Rose had met conductor Paul Mèfano through Lefebvre in the Boulez class in 1962. When Mèfano saw Rose’s score for his first viola concerto, commissioned by John Watts and the Composers Theatre in New York City, he immediately issued a commande (commission) for a second viola concerto, to be performed by his then newly-formed ensemble 2e2m. Rose’s musical compositions are often encoded with secret codes - significances that are known to the composer but may not be translated in listening All of his works are based on a certain fetishism—of numbers, names, lovers, friends, objects, games, works of art, quotations, and other systems of meaning. Works of art served to inspire both Ziggurat (a painting by Riccardo Licata) and ,même (the Grand Verre of Marcel Duchamp). Paintings, like poetry have been frequent points of departure for the composer. Ziggurat was a commission from flutist Pierre-Yves Artaud. A champion of Rose, Artaud premiered several of his works, including Parergon (1981) and Rhapsodies pour flute (1983).
The works of the late 1980s and into the 1990s exhibit some of the most dense textures and complex structures found in the catalog. Rose continued to compose in his studio surrounded by objects and artworks spanning a long and rich creative life. Aside from a few trips to the U.S. for premieres and to visit family, he never returned to the states permanently. He passed away on April 12, 2016 at home in Paris.
Leslie Bassett (1923-2016) was an American composer and the Albert A. Stanley Distinguished University Professor Emeritus of Composition at the University of Michigan. Early instrumental training in Fresno, Calif., led to service during World War II as a trombonist and arranger with the 13th Armored Division Band in France and Germany. Following the war he attended Fresno State College and was Principal Trombone with the Fresno Symphony. Bassett's long association with the University of Michigan began in 1947: his composition studies with Homer Keller and Ross Lee Finney were interrupted by a Fulbright Fellowship for study in Paris with Arthur Honegger at l'Ecole Normale de Musique and with Nadia Boulanger in her private studio. In addition he studied at Michigan with Argentine-American composer Mario Davidovsky and with Catalan composer Roberto Gerhard. Leslie Bassett was a recipient of the Prix de Rome (1961-3), the Pulitzer Prize in Music for his Variations for Orchestra, Guggenheim Fellowships, the Naumburg Recording Award, and awards from the Koussevitsky Music Foundation and the National Endowment for the Arts.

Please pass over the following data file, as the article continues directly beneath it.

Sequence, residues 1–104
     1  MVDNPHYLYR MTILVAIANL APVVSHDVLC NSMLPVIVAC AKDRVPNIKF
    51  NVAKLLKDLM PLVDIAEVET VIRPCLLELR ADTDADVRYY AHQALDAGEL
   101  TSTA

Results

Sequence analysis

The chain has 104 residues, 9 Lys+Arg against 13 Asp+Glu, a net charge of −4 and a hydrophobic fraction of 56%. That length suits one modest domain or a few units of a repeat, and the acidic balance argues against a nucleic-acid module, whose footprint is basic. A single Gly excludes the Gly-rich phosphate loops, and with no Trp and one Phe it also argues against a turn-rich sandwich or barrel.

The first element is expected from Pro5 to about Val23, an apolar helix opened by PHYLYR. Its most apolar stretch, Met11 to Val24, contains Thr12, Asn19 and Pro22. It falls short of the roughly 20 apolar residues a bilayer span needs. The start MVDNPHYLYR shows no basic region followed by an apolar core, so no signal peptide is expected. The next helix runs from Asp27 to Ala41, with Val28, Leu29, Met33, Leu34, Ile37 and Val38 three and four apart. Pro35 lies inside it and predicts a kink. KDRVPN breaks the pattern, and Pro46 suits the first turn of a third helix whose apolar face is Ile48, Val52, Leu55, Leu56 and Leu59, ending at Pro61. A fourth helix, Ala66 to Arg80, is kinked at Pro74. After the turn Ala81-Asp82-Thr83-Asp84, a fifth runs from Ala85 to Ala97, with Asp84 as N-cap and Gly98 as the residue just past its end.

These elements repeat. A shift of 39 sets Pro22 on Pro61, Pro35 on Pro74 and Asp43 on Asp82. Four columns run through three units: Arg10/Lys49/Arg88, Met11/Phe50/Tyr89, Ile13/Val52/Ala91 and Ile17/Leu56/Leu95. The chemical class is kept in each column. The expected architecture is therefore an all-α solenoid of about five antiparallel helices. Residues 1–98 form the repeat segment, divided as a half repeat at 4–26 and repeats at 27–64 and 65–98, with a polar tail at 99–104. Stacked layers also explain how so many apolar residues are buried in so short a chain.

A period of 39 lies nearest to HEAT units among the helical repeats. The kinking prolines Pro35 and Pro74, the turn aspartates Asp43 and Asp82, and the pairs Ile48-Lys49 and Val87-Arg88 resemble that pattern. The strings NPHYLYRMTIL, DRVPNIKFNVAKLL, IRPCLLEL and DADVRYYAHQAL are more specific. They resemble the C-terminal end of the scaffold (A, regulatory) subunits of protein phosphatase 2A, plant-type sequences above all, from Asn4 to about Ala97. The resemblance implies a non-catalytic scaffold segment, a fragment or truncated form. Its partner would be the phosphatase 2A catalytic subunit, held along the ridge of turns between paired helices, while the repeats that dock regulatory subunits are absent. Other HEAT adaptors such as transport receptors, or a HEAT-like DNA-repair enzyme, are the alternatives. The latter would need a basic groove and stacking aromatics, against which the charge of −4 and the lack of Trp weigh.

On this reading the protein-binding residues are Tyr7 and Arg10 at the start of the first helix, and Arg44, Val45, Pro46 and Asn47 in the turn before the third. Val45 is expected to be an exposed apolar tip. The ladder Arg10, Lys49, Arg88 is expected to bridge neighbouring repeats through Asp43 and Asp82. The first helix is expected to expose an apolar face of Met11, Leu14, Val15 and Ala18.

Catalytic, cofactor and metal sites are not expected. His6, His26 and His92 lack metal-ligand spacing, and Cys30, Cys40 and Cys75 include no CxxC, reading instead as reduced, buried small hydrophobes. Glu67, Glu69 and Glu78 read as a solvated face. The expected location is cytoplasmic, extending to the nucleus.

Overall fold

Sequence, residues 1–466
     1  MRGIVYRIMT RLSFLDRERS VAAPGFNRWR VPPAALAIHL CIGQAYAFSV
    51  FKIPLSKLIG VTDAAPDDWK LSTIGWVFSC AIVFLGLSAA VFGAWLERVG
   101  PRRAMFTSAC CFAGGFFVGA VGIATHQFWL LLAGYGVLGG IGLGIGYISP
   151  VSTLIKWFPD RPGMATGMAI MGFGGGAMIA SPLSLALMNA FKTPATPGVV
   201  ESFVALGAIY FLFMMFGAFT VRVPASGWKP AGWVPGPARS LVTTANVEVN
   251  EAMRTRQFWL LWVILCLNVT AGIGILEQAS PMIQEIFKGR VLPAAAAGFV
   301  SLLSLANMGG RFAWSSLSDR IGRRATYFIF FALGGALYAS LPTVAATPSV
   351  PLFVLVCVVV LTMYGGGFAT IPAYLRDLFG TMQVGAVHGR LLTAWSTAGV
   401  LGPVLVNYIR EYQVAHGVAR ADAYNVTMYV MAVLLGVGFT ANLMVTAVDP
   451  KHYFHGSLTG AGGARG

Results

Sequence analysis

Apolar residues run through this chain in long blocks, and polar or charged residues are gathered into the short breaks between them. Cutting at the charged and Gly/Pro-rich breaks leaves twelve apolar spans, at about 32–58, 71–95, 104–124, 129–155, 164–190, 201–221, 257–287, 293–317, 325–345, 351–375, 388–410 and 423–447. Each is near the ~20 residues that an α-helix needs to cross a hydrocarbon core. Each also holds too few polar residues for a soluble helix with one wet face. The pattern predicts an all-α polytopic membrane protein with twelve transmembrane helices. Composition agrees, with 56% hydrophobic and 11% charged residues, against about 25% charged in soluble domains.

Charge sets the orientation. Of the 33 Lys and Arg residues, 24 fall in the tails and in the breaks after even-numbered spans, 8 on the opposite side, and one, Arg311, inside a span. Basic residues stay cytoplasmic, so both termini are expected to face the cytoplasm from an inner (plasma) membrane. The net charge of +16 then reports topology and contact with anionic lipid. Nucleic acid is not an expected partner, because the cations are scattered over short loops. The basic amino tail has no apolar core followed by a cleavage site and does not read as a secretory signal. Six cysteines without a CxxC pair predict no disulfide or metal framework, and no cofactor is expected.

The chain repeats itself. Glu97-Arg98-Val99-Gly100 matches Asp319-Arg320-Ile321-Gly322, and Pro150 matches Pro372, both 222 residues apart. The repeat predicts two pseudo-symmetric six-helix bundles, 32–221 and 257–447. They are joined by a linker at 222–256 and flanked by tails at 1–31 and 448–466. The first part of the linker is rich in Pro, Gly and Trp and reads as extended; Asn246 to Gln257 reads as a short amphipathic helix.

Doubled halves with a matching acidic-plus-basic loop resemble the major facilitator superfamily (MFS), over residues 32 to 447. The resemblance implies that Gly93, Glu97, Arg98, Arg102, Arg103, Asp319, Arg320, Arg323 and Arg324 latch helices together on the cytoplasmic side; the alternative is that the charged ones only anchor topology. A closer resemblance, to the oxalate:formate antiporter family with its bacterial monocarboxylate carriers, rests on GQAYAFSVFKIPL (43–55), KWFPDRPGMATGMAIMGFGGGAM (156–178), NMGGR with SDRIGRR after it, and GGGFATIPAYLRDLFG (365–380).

John Eaton (1935-2015) received international recognition for his works in the operatic genre, and as a composer and performer of electronic and microtonal music as well. Eaton's work has been performed extensively throughout the world. International performances include those in Italy (at the Venice Festival, Maggio Musicale Fiorentina, RAI, etc.), Germany (Hamburg Opera, NDR, Sud-West Funk, etc.), France, England, Spain, Portugal, Czechoslovakia (Prague Festival), Mexico, Peru, Brazil, Chile, Venezuela, Israel, Japan, Korea, China, Russia, Latvia and Estonia.
In America, his work has been performed by the San Francisco Opera, Cincinnati Symphony, Los Angeles Philharmonic, Santa Fe Opera, New York City Opera and Brooklyn Academy of Music, among others, and has been featured at the Tanglewood, Aspen, and Pepsico Summerfare Festivals. In addition, several works have been broadcast on Public Radio and Television, and, his opera, Myshkin, was seen throughout the U.S.A. and foreign countries by an estimated 15,000,000 people.
Brian Fennelly (1937-2015) studied at Yale with Mel Powell, Donald Martino, Allen Forte, Gunther Schuller and George Perle (M.Mus 1965, Ph.D. 1968). From 1968 to 1997 he was professor of Music in the Faculty of Arts and Science at New York University, and Professor Emeritus until his death in 2015. In addition to a Guggenheim fellowship, his awards include three fellowships from the National Endowment for the Arts and commissions from the Koussevitzky Foundation, Fromm Foundation and Meet the Composer/Reader's Digest as well as from the Hudson Valley Philharmonic and Pro Musica Chamber Orchestra. In 1997 he received a lifetime achievement award from the American Academy of Arts and Letters.